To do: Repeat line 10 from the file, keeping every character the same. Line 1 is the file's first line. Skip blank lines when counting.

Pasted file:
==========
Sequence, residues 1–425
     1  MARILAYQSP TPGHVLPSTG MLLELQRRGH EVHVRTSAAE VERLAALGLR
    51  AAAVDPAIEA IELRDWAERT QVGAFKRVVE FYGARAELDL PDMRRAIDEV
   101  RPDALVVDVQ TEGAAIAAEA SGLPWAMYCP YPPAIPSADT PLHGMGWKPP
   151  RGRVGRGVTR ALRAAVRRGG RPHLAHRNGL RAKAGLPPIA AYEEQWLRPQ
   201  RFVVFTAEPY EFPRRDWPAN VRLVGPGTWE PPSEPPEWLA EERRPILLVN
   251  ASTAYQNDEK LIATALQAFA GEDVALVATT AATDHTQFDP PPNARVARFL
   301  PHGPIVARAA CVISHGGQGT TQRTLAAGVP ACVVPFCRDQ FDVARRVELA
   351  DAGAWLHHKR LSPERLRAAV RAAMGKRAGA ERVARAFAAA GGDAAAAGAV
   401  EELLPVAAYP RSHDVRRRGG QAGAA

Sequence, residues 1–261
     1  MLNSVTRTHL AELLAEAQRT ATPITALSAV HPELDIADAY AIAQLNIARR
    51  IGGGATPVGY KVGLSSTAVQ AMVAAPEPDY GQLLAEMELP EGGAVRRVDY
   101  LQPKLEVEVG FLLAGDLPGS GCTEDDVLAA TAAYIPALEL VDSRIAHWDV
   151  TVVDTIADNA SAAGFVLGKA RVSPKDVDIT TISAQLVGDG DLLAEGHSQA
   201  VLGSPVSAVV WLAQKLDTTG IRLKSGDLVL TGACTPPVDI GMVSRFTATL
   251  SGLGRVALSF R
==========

   401  EELLPVAAYP RSHDVRRRGG QAGAA